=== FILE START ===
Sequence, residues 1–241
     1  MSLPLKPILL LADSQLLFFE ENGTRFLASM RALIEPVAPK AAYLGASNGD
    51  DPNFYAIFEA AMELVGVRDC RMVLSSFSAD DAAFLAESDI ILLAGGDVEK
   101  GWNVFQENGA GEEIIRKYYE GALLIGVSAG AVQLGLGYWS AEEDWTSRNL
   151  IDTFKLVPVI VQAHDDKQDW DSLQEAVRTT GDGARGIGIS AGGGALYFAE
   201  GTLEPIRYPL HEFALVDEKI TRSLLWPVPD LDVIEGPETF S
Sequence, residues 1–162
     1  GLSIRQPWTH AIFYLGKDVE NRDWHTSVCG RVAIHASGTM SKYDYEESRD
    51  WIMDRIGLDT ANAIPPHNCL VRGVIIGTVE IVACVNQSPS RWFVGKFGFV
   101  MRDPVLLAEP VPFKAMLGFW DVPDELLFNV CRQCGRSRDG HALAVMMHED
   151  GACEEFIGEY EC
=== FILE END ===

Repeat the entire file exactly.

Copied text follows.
Sequence, residues 1–241
     1  MSLPLKPILL LADSQLLFFE ENGTRFLASM RALIEPVAPK AAYLGASNGD
    51  DPNFYAIFEA AMELVGVRDC RMVLSSFSAD DAAFLAESDI ILLAGGDVEK
   101  GWNVFQENGA GEEIIRKYYE GALLIGVSAG AVQLGLGYWS AEEDWTSRNL
   151  IDTFKLVPVI VQAHDDKQDW DSLQEAVRTT GDGARGIGIS AGGGALYFAE
   201  GTLEPIRYPL HEFALVDEKI TRSLLWPVPD LDVIEGPETF S
Sequence, residues 1–162
     1  GLSIRQPWTH AIFYLGKDVE NRDWHTSVCG RVAIHASGTM SKYDYEESRD
    51  WIMDRIGLDT ANAIPPHNCL VRGVIIGTVE IVACVNQSPS RWFVGKFGFV
   101  MRDPVLLAEP VPFKAMLGFW DVPDELLFNV CRQCGRSRDG HALAVMMHED
   151  GACEEFIGEY EC